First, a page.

|Title: ||FTC Warns Mortgage Advertisers and Media That Ads May Be Deceptive|
The Federal Trade Commission is warning mortgage brokers and lenders, and media outlets that carry their advertisements for home mortgages, that some of the advertising claims currently appearing in Web sites, newspapers, magazines, direct mail, and unsolicited e-mail and faxes may violate federal law.
“Many mortgage advertisers are making potentially deceptive claims about incredibly low rates and payments, without telling consumers the whole story – for example, that these low rates and payments apply for a short period only and can go up substantially after the loan’s introductory period,” said Lydia Parnes, Director of the FTC’s Bureau of Consumer Protection. “Home ownership is the American dream, but it can become a nightmare for consumers who don’t have the information they need to understand the terms of their mortgage.”
In warning letters, the agency is advising more than 200 advertisers and media outlets that some mortgage ads are potentially deceptive or in violation of the Truth in Lending Act. The ads, including some in Spanish, were identified in June during a nationwide review focused on claims for very low monthly payment amounts or interest rates, without adequate disclosure of other important loan terms. For example, some ads touted rates as low as “1%” but failed to disclose adequately:
- that the stated rate was a â€œpayment rateâ€ â€“ not the interest rate â€“ that applied only during the loanâ€™s initial period;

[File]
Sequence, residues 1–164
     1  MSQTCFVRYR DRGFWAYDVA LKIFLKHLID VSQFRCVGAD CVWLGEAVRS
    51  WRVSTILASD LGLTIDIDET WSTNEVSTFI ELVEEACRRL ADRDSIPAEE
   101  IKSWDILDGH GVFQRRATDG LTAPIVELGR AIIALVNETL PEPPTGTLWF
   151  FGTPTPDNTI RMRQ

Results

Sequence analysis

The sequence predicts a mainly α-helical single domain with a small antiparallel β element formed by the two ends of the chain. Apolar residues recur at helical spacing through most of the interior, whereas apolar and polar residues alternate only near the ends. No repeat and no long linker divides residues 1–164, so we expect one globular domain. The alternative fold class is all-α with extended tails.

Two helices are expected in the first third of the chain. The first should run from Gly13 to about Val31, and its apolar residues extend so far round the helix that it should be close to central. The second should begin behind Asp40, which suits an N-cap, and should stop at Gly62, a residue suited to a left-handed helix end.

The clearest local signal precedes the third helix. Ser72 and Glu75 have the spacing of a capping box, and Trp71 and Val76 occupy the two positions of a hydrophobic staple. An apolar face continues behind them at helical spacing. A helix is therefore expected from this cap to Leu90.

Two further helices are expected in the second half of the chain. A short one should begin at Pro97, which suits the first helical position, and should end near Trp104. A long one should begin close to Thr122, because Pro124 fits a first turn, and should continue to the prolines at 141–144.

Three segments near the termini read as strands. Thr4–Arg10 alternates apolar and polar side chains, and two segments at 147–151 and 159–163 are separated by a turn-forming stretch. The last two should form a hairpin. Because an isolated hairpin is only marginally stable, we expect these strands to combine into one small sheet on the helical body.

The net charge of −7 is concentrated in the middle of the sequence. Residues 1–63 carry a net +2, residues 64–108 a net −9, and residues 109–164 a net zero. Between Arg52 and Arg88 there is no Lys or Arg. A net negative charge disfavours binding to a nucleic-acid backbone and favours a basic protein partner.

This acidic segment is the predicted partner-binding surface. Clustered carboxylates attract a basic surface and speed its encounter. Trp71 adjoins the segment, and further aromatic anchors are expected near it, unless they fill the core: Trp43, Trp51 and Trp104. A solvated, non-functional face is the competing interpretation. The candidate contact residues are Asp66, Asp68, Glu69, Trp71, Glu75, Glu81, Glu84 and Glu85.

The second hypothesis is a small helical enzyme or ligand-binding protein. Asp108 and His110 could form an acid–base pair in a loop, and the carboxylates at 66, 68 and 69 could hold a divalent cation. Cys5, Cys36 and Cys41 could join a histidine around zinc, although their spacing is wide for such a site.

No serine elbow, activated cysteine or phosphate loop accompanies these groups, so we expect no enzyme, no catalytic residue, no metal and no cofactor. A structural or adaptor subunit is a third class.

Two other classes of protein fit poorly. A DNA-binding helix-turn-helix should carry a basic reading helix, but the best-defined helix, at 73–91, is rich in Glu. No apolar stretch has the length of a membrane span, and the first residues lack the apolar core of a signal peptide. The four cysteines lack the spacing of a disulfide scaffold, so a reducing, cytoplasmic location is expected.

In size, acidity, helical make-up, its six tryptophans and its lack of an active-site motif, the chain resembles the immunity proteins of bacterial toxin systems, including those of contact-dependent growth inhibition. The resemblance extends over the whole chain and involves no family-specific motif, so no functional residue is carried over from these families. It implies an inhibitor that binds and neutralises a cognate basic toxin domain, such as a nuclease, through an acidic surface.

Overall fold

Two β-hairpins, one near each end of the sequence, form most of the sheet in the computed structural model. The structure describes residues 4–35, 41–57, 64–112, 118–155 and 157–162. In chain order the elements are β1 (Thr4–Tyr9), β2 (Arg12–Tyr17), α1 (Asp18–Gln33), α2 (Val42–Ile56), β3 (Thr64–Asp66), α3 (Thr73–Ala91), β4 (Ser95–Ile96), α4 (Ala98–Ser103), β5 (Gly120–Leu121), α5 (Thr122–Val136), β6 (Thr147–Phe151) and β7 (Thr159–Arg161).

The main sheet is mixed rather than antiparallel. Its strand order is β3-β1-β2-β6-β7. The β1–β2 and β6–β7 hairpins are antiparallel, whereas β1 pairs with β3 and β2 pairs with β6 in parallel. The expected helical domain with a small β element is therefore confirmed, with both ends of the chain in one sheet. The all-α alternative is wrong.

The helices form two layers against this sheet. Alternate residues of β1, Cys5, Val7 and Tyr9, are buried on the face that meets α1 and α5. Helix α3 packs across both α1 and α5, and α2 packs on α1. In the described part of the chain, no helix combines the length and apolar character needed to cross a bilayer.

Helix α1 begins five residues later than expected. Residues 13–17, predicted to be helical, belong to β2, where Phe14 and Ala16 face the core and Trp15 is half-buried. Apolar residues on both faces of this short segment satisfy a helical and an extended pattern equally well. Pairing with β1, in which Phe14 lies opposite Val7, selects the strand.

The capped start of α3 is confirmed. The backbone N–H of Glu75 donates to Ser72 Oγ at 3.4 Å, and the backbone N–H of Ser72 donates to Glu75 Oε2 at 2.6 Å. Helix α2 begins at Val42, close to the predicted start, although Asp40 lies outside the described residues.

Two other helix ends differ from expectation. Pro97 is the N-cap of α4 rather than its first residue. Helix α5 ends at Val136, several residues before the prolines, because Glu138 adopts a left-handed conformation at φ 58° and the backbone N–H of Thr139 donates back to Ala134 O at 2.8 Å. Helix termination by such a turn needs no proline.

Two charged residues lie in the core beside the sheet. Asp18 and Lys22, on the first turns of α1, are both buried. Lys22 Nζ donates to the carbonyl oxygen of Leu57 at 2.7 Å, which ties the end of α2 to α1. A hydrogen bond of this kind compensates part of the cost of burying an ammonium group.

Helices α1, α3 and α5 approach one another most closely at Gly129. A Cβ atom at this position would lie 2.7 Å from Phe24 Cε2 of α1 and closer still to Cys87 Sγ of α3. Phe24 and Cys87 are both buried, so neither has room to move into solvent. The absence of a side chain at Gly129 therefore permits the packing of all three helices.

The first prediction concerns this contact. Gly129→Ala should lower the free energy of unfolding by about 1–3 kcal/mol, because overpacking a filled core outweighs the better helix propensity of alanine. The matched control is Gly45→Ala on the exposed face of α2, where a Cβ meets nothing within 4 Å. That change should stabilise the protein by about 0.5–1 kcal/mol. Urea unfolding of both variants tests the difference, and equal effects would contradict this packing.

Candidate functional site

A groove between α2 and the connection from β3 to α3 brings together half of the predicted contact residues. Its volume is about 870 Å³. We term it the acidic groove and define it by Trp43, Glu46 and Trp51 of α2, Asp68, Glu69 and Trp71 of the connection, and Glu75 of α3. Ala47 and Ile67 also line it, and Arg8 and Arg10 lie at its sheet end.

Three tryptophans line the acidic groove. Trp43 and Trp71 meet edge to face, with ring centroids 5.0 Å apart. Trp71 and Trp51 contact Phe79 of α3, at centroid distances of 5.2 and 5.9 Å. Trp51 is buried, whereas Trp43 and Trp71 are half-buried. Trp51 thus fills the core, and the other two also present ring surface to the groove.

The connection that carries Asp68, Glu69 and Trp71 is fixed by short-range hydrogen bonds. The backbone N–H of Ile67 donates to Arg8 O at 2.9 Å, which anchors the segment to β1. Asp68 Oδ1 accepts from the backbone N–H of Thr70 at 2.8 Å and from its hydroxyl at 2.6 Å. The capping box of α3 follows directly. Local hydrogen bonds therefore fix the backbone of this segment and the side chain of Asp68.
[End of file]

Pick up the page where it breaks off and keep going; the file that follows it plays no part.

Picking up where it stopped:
- that low advertised payments applied for only a short period; and
- the loanâ€™s Annual Percentage Rate, the uniform measure of the cost of credit that enables consumers to shop for and compare mortgage offerings.
Some ads promoted only incredibly low monthly payments but failed to disclose adequately the terms of repayment, including payment increases and a final balloon payment.
Letters to advertisers are advising them to review their ads, and to read business and consumer education materials on the FTC's Web site to learn about relevant laws and requirements. Letters to media outlets are advising them about the potentially deceptive advertising, with guidance on screening ads for questionable claims.
During the past decade, the FTC has brought 21 actions against companies in the mortgage lending industry, focusing in particular on the subprime market. Several of these cases have resulted in large monetary judgments, with courts collectively ordering that more than $320 million be returned to consumers. These enforcement actions have targeted deceptive or unfair practices in all stages of mortgage lending, from advertising and marketing through loan servicing, by mortgage lenders, brokers, and loan servicers.
To help consumers recognize deceptive mortgage ads, the Federal Trade Commission has created a "Consumer Alert, Deceptive Mortgage Ads: What They Say; What They Leave Out", available at http://www.ftc.gov.
A sample FTC warning letter and the FTC's new Consumer Alert, "Deceptive Mortgage Ads: What They Say; What They Leave Out," are available from the FTC's website at http://www.ftc.gov and from the FTC's Consumer Response Center, Room 130, 600 Pennsylvania Avenue, N.W., Washington, D.C. 20580. The FTC works for the consumer to prevent deceptive and unfair practices in the marketplace and to provide information to help consumers spot, stop, and avoid them. To file a complaint in English or Spanish (bilingual counselors are available to take complaints), or to get free information on any of 150 consumer topics, call toll-free, 1-877-FTC-HELP (1-877-382-4357), or use the complaint form at http://www.ftc.gov/ftc/complaint.htm. The FTC enters Internet, telemarketing, identity theft, and other fraud-related complaints into Consumer Sentinel, a secure, online database available to thousands of civil and criminal law enforcement agencies in the U.S. and abroad.